Met Police Federation accused of being ‘in denial’ over work needed to tackle misogyny and racism

Campaigners have accused a police leader of “being in denial” about the need to tackle misogyny and racism, amid a backlash to the ousting of Dame Cressida Dick.

The Metropolitan Police Federation, which represents rank-and-file officers, declared “no faith” in London mayor Sadiq Khan and accused him of undermining their work on Monday.

Without mentioning the murder of Sarah Everard directly, chair Ken Marsh said “the very small number of incidents that have hit the headlines over recent months” did not reflect the force.

“The hard work of our colleagues – and public trust in our colleagues – is being undermined by politicians and by the mayor of London in particular,” he added, hitting out at “scaremongering”.

“These officers are being unfairly lambasted for things they haven’t done. My colleagues are working day and night to keep London safe. To be all branded in this shaming and negative way – as they are being by some politicians and many sections of the media – is wholly unfair.”

Mr Marsh said horrific incidents should be “put in context”, adding: “We do not want these individuals in the job but the Federation will continue to speak up for our good officers.”

He said many were “saddened and angry” that Dame Cressida had been pushed out and insisted that the force’s culture had been changing.

The End Violence Against Women Coalition warned that the only way for Scotland Yard to rebuild trust was through accountability and a willingness to listen to survivors.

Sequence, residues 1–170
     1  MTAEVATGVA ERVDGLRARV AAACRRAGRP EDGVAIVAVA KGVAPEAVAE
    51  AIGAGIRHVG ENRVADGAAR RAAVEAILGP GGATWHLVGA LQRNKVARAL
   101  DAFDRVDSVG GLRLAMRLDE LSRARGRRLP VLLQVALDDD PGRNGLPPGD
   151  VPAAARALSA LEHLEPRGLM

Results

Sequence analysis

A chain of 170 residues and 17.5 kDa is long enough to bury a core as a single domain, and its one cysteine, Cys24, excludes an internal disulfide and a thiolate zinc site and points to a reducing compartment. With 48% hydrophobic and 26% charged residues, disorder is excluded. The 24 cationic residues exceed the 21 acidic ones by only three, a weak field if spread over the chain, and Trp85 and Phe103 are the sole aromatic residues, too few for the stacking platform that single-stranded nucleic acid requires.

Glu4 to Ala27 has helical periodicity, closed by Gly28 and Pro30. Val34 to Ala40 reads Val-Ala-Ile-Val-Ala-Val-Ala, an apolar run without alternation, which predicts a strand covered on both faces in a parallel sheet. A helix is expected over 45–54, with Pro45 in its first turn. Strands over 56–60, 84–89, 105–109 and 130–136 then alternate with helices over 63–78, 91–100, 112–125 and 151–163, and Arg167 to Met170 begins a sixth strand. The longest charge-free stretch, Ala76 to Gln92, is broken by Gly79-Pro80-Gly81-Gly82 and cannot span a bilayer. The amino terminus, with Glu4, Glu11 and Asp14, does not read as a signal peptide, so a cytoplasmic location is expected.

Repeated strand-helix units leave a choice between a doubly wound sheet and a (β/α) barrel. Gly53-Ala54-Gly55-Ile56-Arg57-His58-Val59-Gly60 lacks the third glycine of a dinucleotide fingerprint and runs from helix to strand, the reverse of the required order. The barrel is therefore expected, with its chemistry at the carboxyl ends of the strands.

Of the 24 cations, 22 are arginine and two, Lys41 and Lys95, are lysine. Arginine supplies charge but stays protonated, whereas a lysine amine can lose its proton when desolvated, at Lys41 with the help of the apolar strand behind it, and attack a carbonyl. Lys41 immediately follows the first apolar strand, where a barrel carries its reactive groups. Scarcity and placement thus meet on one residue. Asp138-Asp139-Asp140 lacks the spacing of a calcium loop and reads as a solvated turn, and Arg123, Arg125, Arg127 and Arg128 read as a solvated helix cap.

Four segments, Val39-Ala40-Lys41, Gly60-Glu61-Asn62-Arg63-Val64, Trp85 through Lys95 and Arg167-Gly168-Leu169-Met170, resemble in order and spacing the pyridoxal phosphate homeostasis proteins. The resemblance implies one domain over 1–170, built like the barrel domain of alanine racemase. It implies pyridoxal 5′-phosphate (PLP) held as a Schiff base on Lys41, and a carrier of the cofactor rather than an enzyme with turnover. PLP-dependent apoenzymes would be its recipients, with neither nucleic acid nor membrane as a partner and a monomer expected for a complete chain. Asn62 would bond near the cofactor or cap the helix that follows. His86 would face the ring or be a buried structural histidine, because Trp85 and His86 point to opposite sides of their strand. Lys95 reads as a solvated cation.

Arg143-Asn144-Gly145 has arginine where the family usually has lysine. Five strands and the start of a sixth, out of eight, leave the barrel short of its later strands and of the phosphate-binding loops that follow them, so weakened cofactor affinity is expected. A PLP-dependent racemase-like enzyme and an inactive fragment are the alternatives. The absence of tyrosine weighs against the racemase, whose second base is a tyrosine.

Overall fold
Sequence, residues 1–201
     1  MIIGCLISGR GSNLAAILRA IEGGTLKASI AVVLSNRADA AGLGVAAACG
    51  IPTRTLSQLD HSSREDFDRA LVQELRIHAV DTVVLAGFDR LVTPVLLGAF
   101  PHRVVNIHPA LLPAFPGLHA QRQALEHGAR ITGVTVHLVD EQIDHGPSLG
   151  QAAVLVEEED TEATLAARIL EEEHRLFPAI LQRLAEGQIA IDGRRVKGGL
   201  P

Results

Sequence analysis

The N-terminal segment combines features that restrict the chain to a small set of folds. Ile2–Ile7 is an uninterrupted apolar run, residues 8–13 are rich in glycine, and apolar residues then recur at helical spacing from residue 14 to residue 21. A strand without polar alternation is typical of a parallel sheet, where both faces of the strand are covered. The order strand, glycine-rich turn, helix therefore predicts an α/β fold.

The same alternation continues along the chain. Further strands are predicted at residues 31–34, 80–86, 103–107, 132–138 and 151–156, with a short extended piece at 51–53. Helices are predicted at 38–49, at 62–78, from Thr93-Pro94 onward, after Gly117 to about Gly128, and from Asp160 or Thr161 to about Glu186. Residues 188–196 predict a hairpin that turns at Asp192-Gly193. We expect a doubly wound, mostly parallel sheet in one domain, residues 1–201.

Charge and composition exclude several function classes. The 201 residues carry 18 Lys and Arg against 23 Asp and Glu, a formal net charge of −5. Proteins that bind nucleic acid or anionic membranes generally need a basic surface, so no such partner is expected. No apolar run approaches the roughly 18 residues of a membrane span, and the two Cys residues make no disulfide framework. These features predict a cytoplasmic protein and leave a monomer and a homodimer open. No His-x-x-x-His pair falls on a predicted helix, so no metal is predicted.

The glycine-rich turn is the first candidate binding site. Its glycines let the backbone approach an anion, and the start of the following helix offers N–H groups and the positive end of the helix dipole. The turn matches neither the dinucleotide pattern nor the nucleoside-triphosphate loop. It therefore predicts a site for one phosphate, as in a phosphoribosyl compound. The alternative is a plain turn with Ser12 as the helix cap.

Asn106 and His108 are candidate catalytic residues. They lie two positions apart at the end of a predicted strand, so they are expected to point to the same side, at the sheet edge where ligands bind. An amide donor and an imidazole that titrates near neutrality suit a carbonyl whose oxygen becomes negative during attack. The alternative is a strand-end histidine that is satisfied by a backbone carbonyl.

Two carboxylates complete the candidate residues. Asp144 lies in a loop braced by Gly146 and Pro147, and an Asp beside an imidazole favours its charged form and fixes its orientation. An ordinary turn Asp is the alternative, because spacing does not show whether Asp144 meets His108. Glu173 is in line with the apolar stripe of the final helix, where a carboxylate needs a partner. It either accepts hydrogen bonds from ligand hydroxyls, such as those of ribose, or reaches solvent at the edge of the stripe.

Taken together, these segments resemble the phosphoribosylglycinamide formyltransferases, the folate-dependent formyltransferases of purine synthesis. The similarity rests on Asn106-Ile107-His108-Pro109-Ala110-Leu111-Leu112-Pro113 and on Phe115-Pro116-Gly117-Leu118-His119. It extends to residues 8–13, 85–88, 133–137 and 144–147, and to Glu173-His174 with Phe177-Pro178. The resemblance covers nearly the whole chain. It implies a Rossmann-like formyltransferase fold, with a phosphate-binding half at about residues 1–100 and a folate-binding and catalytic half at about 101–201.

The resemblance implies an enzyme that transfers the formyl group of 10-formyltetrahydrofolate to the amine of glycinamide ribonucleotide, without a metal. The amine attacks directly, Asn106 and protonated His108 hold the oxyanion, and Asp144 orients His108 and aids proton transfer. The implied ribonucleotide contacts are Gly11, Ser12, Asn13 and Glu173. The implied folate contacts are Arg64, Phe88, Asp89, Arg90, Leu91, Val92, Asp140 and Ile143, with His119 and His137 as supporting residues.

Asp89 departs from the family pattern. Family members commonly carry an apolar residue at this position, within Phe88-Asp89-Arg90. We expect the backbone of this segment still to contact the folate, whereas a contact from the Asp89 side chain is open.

Deputy director Deniz Uğur added: “This amounts to yet more denial of the difficult internal work the institution needs to do to address its abundantly clear problem with racism and misogyny.

“The evidence is clear: these issues are systemic within the Met and police forces across the country, as evidenced by multiple police inspectorate and complaints body findings.”

One of the organisers of a vigil for Ms Everard, who was threatened with a £10,000 Covid fine after police refused to facilitate the event, urged Mr Marsh and his colleagues not to “close ranks” and instead publicly call out bad behaviour and attitudes.

Anna Birley, co-founder of the Reclaim These Streets group, told The Independent: “Disaffection and distrust isn’t caused by campaigners and politicians calling out misogyny and racism.

“It is caused by those officers sharing selfies with murdered sisters, those officers who nicknamed Wayne Couzens the rapist but didn’t see the need to challenge his behaviour, those officers who strip searched Dr Konstancja Duff and their colleagues who covered it up, those officers sharing deeply offensive and discriminatory WhatsApp messages and sending rape threats to their female colleagues in Charing Cross.

“The mayor is right to expect better, women in London certainly deserve better.”

Mr Marsh’s statement was released during a misconduct hearing for a Metropolitan Police commander accused of taking cannabis, LSD and magic mushrooms.

Commander Julian Bennett chaired misconduct hearings and wrote the force’s current drug strategy.

Another Metropolitan Police officer, PC David Carrick, is to go on trial accused of rape and sex offences against eight women later this year, while two enquiries triggered by Ms Everard’s murder are underway.

Dame Cressida’s resignation was sparked by a damning watchdog report on misogynist and racist behaviour at Charing Cross police station. Mr Khan demanded a plan of action and told the commissioner he had no confidence in her leadership after reading her response.

She had rebuffed calls to resign in June, after a probe into the unsolved 1987 murder of private detective Daniel Morgan saw the Metropolitan Police accused of institutional corruption.

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